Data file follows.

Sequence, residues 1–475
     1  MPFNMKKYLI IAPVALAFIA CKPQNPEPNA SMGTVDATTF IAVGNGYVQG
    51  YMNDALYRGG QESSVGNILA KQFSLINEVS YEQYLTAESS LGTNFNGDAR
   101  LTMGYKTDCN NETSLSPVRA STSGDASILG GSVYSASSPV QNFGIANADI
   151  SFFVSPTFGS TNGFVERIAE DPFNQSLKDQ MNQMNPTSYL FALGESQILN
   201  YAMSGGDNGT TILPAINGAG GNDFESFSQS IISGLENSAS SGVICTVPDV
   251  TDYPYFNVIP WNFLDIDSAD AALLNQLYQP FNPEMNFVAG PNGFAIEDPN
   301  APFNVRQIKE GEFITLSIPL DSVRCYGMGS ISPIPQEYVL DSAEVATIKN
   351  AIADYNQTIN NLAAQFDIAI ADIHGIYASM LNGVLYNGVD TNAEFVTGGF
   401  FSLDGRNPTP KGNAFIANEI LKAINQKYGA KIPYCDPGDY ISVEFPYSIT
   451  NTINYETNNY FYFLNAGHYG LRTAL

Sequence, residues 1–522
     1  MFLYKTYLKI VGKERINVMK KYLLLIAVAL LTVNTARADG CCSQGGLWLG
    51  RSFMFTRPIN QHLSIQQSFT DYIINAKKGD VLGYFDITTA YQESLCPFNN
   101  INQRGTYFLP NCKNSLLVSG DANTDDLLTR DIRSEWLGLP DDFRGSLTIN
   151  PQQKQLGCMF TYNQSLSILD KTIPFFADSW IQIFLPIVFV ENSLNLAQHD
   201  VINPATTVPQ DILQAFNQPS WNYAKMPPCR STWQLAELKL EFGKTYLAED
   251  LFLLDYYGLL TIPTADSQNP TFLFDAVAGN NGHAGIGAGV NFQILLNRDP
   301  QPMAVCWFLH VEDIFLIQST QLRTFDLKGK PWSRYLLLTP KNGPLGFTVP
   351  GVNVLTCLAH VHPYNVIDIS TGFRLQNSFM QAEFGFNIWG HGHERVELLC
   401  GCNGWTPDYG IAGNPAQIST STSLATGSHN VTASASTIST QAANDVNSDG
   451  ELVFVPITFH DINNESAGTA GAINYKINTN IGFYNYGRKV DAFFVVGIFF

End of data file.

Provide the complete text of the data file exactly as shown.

Sequence, residues 1–475
     1  MPFNMKKYLI IAPVALAFIA CKPQNPEPNA SMGTVDATTF IAVGNGYVQG
    51  YMNDALYRGG QESSVGNILA KQFSLINEVS YEQYLTAESS LGTNFNGDAR
   101  LTMGYKTDCN NETSLSPVRA STSGDASILG GSVYSASSPV QNFGIANADI
   151  SFFVSPTFGS TNGFVERIAE DPFNQSLKDQ MNQMNPTSYL FALGESQILN
   201  YAMSGGDNGT TILPAINGAG GNDFESFSQS IISGLENSAS SGVICTVPDV
   251  TDYPYFNVIP WNFLDIDSAD AALLNQLYQP FNPEMNFVAG PNGFAIEDPN
   301  APFNVRQIKE GEFITLSIPL DSVRCYGMGS ISPIPQEYVL DSAEVATIKN
   351  AIADYNQTIN NLAAQFDIAI ADIHGIYASM LNGVLYNGVD TNAEFVTGGF
   401  FSLDGRNPTP KGNAFIANEI LKAINQKYGA KIPYCDPGDY ISVEFPYSIT
   451  NTINYETNNY FYFLNAGHYG LRTAL

Sequence, residues 1–522
     1  MFLYKTYLKI VGKERINVMK KYLLLIAVAL LTVNTARADG CCSQGGLWLG
    51  RSFMFTRPIN QHLSIQQSFT DYIINAKKGD VLGYFDITTA YQESLCPFNN
   101  INQRGTYFLP NCKNSLLVSG DANTDDLLTR DIRSEWLGLP DDFRGSLTIN
   151  PQQKQLGCMF TYNQSLSILD KTIPFFADSW IQIFLPIVFV ENSLNLAQHD
   201  VINPATTVPQ DILQAFNQPS WNYAKMPPCR STWQLAELKL EFGKTYLAED
   251  LFLLDYYGLL TIPTADSQNP TFLFDAVAGN NGHAGIGAGV NFQILLNRDP
   301  QPMAVCWFLH VEDIFLIQST QLRTFDLKGK PWSRYLLLTP KNGPLGFTVP
   351  GVNVLTCLAH VHPYNVIDIS TGFRLQNSFM QAEFGFNIWG HGHERVELLC
   401  GCNGWTPDYG IAGNPAQIST STSLATGSHN VTASASTIST QAANDVNSDG
   451  ELVFVPITFH DINNESAGTA GAINYKINTN IGFYNYGRKV DAFFVVGIFF